Doctrines of Grace: Total Depravity
Much ink has been spilt over the Doctrines of Grace, more commonly known as TULIP. These 5 “points” serve to outline the reformed tradition known as Calvinism. Now I know having typed that one word I have probably turned off a lot of folks. “Calvinism” often has a bad taste in people’s mouths and often solely because of its teaching on predestination. But there’s so much more to this than just predestination so hear me out over the next few posts; read with an open mind.
These posts aren’t meant to persuade anyone to change their theology. Enough has been written on both sides of this debate that I don’t even dare believe I can persuade anyone or add anything to the discussion that hasn’t already been said. We can disagree here and still be playing on the same team. However, I often think the five petals of TULIP often go misunderstood and I want to explore them over the next several weeks. My hope is that you’ll see that TULIP doesn’t shut down evangelism and TULIP doesn’t make God out to be a monster. Instead it puts His glory and grace on display in a way that I think few other theological frameworks do.
**As a caveat for those who I know will “go there”, I am well aware that TULIP is man’s “invention” and not explicitly taught in Scripture (no Bible passage says “thou shalt define the faith as TULIP”). But, we often develop easy ways to help us understand and communicate big concepts and that’s what I believe TULIP helps us to accomplish**
For those unaware, here is what TULIP stands for:
Total Depravity of Man
Perseverance of the Saints
With that said….here we go!
T: Total Depravity
Total Depravity is derived from Augustine’s doctrine of original sin. In a very small nutshell “Total Depravity” means:
- Men and women are sinful to their very core and even the “good” things that we do are tainted with sin (Isaiah 64:6)
- Men and women come into the world guilty and with an inclination toward sin right from the start (Psalm 51:5, Romans 5:12-14).
- There is nothing good in us that leads us to seek after God (Romans 3:11).
It’s also important for us to understand what “Total Depravity” does not mean:
- It does not mean that every man or woman is as sinful as they could be.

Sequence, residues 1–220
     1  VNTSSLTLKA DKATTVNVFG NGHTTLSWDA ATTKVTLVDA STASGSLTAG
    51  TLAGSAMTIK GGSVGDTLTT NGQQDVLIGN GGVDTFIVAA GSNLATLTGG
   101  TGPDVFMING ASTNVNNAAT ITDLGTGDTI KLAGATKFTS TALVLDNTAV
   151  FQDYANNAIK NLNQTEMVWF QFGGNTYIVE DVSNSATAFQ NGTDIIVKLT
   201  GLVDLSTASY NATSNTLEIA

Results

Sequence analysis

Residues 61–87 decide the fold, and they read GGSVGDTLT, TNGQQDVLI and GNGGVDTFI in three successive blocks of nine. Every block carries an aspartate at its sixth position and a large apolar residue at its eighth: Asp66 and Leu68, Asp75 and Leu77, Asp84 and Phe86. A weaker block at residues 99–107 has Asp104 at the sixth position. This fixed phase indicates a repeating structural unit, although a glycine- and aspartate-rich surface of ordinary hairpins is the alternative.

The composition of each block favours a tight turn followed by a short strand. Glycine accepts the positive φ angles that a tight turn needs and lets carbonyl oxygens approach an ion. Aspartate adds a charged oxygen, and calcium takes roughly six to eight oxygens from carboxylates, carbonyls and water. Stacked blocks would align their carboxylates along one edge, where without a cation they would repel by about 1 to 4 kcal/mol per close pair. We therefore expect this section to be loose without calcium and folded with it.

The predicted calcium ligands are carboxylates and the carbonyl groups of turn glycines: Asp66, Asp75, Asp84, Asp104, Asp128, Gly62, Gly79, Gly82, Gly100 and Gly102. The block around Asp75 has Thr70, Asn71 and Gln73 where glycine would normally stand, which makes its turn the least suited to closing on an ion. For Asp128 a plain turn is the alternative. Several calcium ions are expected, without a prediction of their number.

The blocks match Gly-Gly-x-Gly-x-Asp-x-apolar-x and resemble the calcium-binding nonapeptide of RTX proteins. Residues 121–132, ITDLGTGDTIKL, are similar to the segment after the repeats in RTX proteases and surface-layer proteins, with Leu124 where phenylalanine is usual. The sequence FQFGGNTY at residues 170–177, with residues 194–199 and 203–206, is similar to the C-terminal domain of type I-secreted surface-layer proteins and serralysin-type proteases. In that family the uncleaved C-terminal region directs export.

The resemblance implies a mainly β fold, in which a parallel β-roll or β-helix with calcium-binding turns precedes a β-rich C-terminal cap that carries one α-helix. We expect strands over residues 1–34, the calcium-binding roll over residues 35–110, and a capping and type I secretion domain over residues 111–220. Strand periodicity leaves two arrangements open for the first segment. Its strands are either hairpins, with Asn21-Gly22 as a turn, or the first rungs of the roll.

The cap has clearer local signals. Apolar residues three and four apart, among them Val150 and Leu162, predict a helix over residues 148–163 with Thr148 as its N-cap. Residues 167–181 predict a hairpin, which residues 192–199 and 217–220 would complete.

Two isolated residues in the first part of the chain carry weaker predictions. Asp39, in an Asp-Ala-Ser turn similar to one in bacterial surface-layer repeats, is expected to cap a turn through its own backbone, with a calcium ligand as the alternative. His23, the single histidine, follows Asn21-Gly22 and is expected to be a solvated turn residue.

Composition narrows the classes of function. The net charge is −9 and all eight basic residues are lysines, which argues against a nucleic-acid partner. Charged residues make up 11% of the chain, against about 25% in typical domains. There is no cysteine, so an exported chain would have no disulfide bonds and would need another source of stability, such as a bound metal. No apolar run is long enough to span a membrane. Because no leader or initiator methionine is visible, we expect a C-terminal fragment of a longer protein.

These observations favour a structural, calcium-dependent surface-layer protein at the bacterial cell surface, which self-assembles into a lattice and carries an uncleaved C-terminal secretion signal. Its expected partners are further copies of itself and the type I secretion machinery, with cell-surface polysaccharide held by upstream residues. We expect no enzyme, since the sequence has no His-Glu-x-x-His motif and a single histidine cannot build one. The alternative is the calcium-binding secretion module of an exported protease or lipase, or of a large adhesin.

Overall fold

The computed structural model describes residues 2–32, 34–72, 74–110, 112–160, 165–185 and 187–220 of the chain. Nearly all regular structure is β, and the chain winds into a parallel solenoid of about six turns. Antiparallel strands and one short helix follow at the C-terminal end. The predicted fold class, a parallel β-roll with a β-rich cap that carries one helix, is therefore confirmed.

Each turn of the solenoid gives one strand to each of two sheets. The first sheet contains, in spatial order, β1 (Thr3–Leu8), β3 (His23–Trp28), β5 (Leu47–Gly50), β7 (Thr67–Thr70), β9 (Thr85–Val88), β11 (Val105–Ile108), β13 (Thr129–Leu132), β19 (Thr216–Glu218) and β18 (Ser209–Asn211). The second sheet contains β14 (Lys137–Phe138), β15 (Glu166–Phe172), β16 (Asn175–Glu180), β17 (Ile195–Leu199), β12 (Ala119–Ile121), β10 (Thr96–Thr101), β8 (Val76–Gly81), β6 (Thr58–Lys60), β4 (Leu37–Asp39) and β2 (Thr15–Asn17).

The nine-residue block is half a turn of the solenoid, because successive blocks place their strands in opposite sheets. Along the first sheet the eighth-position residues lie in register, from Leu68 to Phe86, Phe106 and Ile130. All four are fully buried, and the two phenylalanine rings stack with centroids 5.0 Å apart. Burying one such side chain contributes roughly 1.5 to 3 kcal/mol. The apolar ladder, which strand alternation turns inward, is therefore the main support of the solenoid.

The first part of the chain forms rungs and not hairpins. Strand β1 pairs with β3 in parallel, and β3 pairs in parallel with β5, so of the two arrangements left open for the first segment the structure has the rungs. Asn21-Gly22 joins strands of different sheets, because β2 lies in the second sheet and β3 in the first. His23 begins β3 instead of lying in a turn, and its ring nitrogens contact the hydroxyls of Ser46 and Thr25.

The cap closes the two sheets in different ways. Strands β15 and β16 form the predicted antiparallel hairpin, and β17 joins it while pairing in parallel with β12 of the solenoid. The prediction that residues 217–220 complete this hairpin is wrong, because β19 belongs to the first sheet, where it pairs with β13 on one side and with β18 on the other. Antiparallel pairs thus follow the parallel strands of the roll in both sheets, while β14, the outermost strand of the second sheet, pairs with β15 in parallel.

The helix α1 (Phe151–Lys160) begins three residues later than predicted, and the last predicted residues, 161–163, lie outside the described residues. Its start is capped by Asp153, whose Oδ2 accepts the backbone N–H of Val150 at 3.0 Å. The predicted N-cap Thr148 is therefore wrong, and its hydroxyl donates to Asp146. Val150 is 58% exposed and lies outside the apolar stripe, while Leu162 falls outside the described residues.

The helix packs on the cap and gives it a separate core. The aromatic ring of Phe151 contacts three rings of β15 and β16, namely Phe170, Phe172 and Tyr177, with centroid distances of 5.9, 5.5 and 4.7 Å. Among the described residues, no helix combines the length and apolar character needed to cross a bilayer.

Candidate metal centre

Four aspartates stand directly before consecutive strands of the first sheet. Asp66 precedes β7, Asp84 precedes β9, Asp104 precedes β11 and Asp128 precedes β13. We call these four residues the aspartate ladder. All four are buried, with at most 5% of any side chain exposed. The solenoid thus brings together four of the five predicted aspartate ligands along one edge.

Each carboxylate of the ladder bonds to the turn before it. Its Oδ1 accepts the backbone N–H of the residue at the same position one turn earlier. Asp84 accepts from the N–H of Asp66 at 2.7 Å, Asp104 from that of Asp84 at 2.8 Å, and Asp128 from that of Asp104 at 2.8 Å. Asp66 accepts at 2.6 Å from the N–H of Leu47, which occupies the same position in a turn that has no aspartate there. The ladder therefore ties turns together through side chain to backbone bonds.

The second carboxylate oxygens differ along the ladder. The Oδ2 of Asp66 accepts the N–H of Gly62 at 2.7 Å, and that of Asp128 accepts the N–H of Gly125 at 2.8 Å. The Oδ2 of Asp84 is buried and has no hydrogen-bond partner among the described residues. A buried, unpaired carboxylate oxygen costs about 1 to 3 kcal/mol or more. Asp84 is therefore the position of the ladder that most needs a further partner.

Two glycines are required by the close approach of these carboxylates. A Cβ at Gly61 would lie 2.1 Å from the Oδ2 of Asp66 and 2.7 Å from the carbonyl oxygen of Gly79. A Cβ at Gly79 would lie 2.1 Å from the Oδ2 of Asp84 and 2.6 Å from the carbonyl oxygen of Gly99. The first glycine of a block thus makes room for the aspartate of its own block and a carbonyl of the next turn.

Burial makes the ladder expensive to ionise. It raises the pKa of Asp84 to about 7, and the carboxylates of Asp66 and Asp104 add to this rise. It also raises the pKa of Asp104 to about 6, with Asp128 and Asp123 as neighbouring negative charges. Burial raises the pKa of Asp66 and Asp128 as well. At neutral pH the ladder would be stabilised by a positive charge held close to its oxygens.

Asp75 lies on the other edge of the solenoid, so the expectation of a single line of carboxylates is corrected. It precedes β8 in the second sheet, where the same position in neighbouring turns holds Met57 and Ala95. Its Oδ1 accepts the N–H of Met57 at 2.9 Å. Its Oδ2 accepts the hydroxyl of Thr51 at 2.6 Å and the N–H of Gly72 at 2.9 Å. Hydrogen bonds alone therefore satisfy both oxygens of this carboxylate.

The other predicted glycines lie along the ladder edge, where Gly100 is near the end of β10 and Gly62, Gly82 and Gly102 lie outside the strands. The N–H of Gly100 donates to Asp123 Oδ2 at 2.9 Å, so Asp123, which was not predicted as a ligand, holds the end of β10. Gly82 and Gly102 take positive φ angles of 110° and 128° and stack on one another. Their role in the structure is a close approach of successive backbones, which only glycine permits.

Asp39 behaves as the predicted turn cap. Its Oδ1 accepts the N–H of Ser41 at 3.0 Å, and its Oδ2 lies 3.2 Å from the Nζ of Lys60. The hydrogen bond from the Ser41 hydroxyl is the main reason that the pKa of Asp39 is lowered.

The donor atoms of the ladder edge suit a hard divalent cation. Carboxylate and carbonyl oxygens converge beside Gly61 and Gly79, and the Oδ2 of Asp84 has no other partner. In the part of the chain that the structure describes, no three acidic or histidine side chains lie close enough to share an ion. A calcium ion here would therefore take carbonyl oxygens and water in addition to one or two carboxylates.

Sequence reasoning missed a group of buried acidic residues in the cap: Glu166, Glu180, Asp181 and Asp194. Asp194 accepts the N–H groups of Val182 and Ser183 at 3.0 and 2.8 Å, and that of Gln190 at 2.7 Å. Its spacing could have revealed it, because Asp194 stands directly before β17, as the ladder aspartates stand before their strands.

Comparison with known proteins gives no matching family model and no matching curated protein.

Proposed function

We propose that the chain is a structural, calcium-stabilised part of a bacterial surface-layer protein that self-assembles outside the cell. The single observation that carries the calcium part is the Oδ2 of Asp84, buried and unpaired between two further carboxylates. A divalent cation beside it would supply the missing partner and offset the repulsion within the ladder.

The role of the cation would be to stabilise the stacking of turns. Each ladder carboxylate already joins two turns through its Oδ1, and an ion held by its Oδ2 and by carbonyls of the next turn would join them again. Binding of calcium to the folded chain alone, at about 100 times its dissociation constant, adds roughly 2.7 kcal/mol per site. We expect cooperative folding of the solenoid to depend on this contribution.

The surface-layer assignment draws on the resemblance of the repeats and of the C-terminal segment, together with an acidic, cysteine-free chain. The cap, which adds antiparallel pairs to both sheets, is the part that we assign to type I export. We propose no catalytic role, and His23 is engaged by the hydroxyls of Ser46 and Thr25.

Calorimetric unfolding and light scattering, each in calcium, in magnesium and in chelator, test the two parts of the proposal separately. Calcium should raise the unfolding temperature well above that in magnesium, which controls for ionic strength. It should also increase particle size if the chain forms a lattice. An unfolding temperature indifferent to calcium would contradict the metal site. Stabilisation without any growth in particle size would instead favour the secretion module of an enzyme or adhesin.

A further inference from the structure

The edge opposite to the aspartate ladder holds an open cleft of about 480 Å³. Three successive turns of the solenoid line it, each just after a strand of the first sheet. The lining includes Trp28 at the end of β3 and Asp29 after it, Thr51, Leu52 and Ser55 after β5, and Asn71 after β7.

- It does not mean that we are incapable of doing things that society would deem “good” for others.
So why does this matter? Well it matters quite a bit if we believe that the grace of salvation is a free gift from God. “Total Depravity” means that there was nothing man could do to get back to God. In fact, without God making the first move, mankind doesn’t even want to be reconciled to God; we’d rather stay comfortably in our sin. It also means that there is no way for us to work our way into Heaven, no matter how hard we try or how “good” we are. We are “totally” affected by sin.
When we get “total depravity” then we realize just how hopeless our case is. Then when we realize what God has done through Jesus Christ to redeem us, the grace and glory of God comes blazing through like a supernova! God acted on behalf of those who were “totally” incapable of making amends for their sins. God acted on behalf of those who have no hope within themselves. God stepped in to help those who didn’t even want anything to do with Him. “Total Depravity” shows us that, if you are a Christian, you are one solely because God came looking for you. Knowing that the Great Creator loved you to the point that He came looking for you even when you didn’t want anything to do with Him makes His grace and mercy so brilliantly visible.
That is what “Total Depravity” helps us to see.
I certainly welcome discussion on each of these posts. I only ask that the discussion be kept civil, grace-filled, and edifying. Remember Ephesians 4:29 – “Let no corrupting talk come out of your mouths, but only such as is good for building up, as fits the occasion, that it may give grace to those who hear.”